politics

How the Letwin Review proposes to increase build rates on the largest development sites

Sir Oliver Letwin has been tasked by the government with understanding why there is a gap between the number of homes for which planning permission is granted, and the number which are actually built. In his final report, published in October, he has set out how that could be done.
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What the future of planning could have in store for farmers

Securing planning permission on agricultural land can be extremely difficult, whether that is for an extension, a single dwelling or a large scale development. Recently, however, the government has consulted on a range of new planning policies which could see it become easier to secure approval for a variety of development types.
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Developers, planners and oligarchs – the politics of the housing crisis

It seems no-one is immune from blame when it comes to the housing crisis – developers land bank; council planning officers are obstructive; oligarchs buy homes to leave empty; and landlords hoover up the few houses that remain.
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Rethinking the Green Belt needn’t mean a planning free-for-all

The Green Belt is the most recognisable part of the English planning system, and the most hotly debated too. Is it a major contributor to the housing crisis that should be abolished, or absolutely essential to stop the countryside disappearing beneath a sea of concrete?
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Why the new NPPF is bad for the North

On the 5 March, the government began a consultation on a number of reforms to the planning system. The main aim of these changes was to tackle the housing crisis by finally building enough homes to meet demand. When taken in the round, however, the proposals are likely to be bad for the North.
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Land values, house prices and why land value capture won’t make homes cheaper

Recent media coverage has focused on how the housing crisis could be solved if only land values could be reduced. Lowering land values would mean the price of new homes would fall, making housing more affordable. As attractive as that may sound, it gets the problem backwards – high house prices are the cause of […]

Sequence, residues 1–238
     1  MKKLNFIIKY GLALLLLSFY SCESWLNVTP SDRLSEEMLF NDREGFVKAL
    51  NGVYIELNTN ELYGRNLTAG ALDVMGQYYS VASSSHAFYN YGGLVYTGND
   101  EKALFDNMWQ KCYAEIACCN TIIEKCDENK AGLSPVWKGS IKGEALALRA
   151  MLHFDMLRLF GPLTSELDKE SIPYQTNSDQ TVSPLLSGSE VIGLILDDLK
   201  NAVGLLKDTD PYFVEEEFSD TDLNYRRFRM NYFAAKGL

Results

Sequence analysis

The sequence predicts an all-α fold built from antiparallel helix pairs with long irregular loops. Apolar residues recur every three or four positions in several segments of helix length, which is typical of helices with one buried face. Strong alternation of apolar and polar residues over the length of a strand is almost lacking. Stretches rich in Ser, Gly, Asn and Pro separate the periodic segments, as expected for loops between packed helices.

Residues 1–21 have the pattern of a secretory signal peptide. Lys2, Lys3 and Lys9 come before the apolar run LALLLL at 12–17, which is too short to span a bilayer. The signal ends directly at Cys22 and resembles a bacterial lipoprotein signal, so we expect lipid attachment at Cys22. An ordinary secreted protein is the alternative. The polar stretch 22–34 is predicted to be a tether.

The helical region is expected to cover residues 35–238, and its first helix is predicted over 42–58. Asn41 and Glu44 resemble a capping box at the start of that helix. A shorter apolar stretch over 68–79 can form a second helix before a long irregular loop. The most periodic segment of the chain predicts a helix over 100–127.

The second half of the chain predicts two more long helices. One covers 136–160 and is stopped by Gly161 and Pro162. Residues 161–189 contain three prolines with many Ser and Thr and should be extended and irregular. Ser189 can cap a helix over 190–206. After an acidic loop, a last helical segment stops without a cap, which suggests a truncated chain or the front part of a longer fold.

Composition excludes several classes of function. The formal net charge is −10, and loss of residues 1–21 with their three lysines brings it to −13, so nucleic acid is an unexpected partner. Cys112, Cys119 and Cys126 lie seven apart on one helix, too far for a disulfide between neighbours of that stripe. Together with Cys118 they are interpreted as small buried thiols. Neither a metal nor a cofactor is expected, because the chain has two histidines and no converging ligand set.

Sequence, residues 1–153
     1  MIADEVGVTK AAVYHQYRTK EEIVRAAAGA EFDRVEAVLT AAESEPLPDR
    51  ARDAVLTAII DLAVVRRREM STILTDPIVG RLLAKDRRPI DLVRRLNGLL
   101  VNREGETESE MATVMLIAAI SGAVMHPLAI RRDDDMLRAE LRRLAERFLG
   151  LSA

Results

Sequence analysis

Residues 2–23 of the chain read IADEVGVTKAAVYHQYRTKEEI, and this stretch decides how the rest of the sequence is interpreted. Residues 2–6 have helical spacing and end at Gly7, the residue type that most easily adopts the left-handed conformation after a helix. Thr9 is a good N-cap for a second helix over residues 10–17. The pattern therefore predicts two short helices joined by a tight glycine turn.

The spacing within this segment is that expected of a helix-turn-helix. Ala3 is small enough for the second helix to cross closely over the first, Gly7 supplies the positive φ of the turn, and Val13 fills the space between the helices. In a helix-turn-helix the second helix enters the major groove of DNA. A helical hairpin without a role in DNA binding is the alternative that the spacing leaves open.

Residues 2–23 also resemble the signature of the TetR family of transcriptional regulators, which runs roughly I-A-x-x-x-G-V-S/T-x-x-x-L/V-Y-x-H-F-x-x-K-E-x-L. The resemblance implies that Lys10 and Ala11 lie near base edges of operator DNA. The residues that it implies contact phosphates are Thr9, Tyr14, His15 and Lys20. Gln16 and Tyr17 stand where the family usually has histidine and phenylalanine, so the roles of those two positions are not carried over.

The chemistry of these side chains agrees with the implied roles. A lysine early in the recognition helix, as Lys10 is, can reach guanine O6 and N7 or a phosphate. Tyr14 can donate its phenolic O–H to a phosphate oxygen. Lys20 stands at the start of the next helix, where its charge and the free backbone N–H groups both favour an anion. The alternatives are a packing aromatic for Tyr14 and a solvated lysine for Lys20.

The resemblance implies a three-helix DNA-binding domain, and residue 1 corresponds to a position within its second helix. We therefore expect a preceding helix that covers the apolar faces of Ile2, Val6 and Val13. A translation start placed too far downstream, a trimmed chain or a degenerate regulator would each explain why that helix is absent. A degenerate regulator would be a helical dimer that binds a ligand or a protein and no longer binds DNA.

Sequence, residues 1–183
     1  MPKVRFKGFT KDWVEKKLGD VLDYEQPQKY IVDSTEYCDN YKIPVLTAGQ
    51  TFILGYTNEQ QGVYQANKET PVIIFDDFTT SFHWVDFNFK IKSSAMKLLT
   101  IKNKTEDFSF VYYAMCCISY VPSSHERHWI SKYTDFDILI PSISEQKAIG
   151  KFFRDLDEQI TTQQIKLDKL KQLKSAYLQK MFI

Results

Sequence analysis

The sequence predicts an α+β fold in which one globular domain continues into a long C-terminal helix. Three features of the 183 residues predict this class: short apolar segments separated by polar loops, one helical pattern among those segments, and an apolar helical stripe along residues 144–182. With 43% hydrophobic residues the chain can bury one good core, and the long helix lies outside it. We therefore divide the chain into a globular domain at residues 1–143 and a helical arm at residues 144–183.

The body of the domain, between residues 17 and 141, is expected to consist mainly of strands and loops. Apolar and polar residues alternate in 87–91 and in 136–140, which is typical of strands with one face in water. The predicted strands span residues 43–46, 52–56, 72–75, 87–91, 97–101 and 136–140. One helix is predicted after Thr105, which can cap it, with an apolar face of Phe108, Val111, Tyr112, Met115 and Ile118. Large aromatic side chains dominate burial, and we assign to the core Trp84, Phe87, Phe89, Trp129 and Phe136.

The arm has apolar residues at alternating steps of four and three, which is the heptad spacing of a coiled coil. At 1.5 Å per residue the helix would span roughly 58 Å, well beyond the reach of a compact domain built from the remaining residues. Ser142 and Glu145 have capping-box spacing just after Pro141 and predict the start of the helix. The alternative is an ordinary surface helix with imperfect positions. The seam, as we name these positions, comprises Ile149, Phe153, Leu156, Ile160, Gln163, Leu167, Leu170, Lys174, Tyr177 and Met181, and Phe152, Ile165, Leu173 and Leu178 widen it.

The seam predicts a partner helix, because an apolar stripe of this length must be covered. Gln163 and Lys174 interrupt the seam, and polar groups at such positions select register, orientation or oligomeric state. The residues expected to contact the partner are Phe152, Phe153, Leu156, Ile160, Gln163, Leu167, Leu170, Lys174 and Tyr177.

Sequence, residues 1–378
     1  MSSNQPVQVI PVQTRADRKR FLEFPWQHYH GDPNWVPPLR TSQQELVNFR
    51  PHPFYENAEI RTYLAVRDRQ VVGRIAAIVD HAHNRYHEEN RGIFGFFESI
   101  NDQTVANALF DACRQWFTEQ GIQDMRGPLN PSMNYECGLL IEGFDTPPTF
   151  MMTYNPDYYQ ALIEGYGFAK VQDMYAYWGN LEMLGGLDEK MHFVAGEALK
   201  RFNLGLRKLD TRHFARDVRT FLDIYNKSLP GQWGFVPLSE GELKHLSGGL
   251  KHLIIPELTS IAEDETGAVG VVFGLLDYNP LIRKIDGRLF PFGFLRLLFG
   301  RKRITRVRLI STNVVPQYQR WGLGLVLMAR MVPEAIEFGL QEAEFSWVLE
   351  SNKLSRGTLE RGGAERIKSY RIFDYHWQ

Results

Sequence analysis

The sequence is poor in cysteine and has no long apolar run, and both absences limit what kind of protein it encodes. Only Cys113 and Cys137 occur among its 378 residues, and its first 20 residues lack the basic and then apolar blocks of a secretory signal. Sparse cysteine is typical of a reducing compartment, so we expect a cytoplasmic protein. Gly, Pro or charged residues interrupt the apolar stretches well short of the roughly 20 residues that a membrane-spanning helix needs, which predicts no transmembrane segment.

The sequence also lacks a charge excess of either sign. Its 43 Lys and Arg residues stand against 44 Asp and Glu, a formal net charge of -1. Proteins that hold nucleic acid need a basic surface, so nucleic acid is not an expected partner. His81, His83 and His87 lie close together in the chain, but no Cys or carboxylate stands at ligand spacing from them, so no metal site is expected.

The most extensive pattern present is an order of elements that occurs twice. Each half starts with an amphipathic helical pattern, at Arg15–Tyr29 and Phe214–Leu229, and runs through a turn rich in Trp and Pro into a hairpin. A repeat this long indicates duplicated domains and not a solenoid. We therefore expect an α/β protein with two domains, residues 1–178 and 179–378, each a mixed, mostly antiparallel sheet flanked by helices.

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Land banking – an inconvenient truth

Land banking is the practice whereby developers allegedly avoid building homes that they have planning permission for, preferring instead to sit on the land. By deliberately restricting the supply of housing, so the theory goes, developers  push up house prices allowing them to make even bigger profits in the future. But does it really happen?
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Will Brownfield Land Registers help solve the housing crisis?

In April 2017, the government announced the introduction of Brownfield Land Registers. Their purpose is to encourage more brownfield sites to be developed for housing. The deadline for putting Registers in place is 31 December, so we’re beginning to see them produced. But will they make a difference to the housing crisis?
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Two key failings of the Standard Method for calculating housing need

One of the challenges the government has identified in tackling the housing crisis is the way in which councils determine how many homes they need to build. In an effort to address that, the government is currently consulting on a new “Standard Method” for calculating housing need. This post explains what is proposed, and identifies […]
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Why the time is right to review Manchester’s Green Belt

The ten councils who make up Greater Manchester are in the process of preparing a new Spatial Framework to guide development in the region until 2035. The plan will identify both the amount of employment space and the number of new homes that will be needed over the next 20 years. The most controversial part […]
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5 key proposals for housing in the Conservative Party manifesto

18 May saw the launch of the Conservative Party’s manifesto for the upcoming General Election. The housing crisis and housing supply feature prominently in its 88 pages. This post identifies the five central themes of Conservative policy for the housing market and development industry, and what that might mean for you.
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